Date of Award

2022

Document Type

Doctoral Research Paper

Degree Name

Psy.D.

Department

Graduate School of Professional Psychology

First Advisor

Michael Karson, Ph.D.

Second Advisor

Peter Buirski, Ph.D.

Third Advisor

Sarah Lukens, Psy.D.

Keywords

Dissociation, Buddhism

Publication Statement

Copyright is held by the author. User is responsible for all copyright compliance.

Copyright Statement / License for Reuse

Creative Commons Attribution 4.0 International License
This work is licensed under a Creative Commons Attribution 4.0 International License.

Abstract

On the surface, the Buddhist idea of emptiness and experiences of depersonalization and derealization seem to have significant overlap. Meditations on emptiness in the Buddhist tradition seek to lead meditators to observe the ego as illusory and empty of inherent content as one step in the journey to liberate oneself from suffering. Conversely, dissociation is generally an involuntary, automatic response to severe trauma that can become more common or chronic in an individual over time. Topographically, these experiences may look similar; both include a sense of unreality of the self and often of the broader world. However, differences in stimulus value and function make these experiences quite distinct. This paper aims to compare and contrast these experiences, explore the treatment of dissociative disorders, and describe how principles of Buddhist practice may be incorporated into psychotherapy to help individuals work through dissociation and trauma.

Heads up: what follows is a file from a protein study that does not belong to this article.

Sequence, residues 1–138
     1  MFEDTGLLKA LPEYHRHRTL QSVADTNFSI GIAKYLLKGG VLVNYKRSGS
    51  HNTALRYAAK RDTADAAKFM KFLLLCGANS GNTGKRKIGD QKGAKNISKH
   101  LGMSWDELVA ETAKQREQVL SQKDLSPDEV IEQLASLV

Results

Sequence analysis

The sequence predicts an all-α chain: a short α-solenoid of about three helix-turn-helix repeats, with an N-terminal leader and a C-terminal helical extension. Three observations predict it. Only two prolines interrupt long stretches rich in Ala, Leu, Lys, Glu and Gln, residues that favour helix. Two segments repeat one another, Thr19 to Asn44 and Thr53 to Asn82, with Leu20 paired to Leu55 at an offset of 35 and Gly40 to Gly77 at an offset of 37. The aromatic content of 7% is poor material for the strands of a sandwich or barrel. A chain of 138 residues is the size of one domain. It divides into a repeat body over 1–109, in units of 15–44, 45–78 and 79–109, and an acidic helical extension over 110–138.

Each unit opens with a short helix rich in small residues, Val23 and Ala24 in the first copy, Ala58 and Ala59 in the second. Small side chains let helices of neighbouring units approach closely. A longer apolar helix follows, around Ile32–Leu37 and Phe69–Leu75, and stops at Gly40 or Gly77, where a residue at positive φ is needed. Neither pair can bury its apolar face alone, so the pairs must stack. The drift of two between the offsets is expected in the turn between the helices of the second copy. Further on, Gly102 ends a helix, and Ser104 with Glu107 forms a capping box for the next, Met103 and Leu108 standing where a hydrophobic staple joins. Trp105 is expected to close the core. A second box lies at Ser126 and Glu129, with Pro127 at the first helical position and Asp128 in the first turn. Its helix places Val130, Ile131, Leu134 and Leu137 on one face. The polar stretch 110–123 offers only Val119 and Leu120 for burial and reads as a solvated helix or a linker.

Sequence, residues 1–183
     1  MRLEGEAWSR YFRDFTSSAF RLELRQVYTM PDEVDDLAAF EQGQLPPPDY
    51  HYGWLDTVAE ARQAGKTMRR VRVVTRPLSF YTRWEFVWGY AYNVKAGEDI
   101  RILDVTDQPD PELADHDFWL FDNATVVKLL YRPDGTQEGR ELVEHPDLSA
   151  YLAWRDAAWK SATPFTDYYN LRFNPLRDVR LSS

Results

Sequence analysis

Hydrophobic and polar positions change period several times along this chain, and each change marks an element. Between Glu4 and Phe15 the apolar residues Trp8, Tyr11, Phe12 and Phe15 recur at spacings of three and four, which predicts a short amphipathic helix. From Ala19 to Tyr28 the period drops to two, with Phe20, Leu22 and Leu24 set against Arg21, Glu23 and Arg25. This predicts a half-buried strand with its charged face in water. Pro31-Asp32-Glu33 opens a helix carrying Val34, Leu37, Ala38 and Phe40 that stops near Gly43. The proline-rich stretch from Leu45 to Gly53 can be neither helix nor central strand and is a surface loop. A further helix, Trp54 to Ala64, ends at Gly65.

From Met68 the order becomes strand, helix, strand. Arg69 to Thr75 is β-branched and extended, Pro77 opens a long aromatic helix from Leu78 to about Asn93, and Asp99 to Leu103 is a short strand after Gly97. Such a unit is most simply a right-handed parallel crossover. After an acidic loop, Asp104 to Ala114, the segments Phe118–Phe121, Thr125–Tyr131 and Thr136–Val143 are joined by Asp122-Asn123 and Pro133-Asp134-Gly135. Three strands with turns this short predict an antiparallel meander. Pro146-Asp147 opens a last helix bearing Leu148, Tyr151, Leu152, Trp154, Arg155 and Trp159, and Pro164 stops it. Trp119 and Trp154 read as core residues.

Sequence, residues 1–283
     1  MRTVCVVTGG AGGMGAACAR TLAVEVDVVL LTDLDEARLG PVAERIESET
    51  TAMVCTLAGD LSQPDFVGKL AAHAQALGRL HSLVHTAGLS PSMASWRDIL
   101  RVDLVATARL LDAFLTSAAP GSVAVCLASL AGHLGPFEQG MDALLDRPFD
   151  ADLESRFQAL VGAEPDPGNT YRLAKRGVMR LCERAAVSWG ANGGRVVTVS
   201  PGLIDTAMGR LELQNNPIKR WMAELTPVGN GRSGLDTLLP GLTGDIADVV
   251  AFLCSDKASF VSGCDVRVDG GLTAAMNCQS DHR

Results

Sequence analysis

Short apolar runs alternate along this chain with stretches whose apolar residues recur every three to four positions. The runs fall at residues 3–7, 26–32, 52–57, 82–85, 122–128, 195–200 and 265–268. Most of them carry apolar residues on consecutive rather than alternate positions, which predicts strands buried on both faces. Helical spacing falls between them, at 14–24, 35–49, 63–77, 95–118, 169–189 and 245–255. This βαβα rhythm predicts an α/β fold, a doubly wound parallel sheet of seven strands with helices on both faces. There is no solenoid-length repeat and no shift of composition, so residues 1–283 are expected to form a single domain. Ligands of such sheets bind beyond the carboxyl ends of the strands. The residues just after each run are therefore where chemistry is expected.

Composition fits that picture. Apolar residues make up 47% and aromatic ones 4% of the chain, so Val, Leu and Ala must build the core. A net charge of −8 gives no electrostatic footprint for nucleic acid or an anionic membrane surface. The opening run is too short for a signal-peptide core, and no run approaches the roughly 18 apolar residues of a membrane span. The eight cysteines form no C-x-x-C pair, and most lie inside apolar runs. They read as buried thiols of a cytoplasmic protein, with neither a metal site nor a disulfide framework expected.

Extent

28 pgs

Paper Method

Theoretical Analysis and Synthesis

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